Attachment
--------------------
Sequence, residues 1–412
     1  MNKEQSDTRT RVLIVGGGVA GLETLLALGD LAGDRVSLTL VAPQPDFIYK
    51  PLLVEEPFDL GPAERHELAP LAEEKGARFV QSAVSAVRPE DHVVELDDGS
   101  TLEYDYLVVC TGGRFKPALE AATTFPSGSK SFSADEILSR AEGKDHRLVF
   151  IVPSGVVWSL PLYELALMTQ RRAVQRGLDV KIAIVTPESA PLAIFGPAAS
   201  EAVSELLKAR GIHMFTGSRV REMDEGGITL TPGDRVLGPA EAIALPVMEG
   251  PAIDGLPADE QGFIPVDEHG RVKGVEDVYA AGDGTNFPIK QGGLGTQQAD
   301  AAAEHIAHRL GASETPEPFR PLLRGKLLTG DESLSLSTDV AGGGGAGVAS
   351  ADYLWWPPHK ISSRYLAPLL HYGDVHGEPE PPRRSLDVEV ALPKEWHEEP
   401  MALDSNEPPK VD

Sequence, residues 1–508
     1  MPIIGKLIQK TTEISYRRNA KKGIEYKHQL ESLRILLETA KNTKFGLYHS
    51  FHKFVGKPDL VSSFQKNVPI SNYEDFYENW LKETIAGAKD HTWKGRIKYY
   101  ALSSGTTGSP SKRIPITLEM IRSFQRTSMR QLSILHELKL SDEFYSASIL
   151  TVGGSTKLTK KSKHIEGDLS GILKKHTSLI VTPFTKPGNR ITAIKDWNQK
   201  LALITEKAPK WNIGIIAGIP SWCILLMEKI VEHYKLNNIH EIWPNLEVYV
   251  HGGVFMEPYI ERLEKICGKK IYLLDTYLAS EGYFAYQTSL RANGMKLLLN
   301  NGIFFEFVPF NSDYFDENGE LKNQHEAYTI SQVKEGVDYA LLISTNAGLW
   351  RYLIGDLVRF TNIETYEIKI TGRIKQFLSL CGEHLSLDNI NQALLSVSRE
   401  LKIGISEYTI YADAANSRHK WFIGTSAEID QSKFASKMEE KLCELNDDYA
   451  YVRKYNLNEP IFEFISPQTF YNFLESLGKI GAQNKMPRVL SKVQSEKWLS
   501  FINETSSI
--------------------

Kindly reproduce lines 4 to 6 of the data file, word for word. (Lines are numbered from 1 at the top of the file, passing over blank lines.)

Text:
   101  TLEYDYLVVC TGGRFKPALE AATTFPSGSK SFSADEILSR AEGKDHRLVF
   151  IVPSGVVWSL PLYELALMTQ RRAVQRGLDV KIAIVTPESA PLAIFGPAAS
   201  EAVSELLKAR GIHMFTGSRV REMDEGGITL TPGDRVLGPA EAIALPVMEG